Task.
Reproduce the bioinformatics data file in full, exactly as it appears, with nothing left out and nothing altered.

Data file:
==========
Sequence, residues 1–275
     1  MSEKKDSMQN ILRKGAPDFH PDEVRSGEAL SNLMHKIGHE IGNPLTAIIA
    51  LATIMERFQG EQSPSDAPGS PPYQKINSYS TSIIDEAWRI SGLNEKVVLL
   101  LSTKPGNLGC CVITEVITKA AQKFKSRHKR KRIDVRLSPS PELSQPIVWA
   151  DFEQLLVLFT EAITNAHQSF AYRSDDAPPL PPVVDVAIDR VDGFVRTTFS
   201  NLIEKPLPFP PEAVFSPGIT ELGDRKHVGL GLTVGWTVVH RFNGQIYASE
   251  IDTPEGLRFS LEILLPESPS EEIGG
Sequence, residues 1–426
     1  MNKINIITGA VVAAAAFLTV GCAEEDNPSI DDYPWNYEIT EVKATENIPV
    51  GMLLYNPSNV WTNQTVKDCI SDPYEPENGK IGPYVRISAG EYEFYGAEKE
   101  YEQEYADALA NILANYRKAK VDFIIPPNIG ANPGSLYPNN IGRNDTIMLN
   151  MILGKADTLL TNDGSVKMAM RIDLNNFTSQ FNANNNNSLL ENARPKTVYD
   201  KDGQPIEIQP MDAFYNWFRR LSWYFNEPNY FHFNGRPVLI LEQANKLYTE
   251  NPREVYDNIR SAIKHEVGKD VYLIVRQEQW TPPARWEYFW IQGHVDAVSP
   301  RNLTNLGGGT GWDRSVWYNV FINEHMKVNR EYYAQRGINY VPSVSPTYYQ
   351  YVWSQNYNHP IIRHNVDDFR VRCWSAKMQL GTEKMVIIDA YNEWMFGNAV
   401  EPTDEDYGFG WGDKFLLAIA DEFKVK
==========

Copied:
Sequence, residues 1–275
     1  MSEKKDSMQN ILRKGAPDFH PDEVRSGEAL SNLMHKIGHE IGNPLTAIIA
    51  LATIMERFQG EQSPSDAPGS PPYQKINSYS TSIIDEAWRI SGLNEKVVLL
   101  LSTKPGNLGC CVITEVITKA AQKFKSRHKR KRIDVRLSPS PELSQPIVWA
   151  DFEQLLVLFT EAITNAHQSF AYRSDDAPPL PPVVDVAIDR VDGFVRTTFS
   201  NLIEKPLPFP PEAVFSPGIT ELGDRKHVGL GLTVGWTVVH RFNGQIYASE
   251  IDTPEGLRFS LEILLPESPS EEIGG
Sequence, residues 1–426
     1  MNKINIITGA VVAAAAFLTV GCAEEDNPSI DDYPWNYEIT EVKATENIPV
    51  GMLLYNPSNV WTNQTVKDCI SDPYEPENGK IGPYVRISAG EYEFYGAEKE
   101  YEQEYADALA NILANYRKAK VDFIIPPNIG ANPGSLYPNN IGRNDTIMLN
   151  MILGKADTLL TNDGSVKMAM RIDLNNFTSQ FNANNNNSLL ENARPKTVYD
   201  KDGQPIEIQP MDAFYNWFRR LSWYFNEPNY FHFNGRPVLI LEQANKLYTE
   251  NPREVYDNIR SAIKHEVGKD VYLIVRQEQW TPPARWEYFW IQGHVDAVSP
   301  RNLTNLGGGT GWDRSVWYNV FINEHMKVNR EYYAQRGINY VPSVSPTYYQ
   351  YVWSQNYNHP IIRHNVDDFR VRCWSAKMQL GTEKMVIIDA YNEWMFGNAV
   401  EPTDEDYGFG WGDKFLLAIA DEFKVK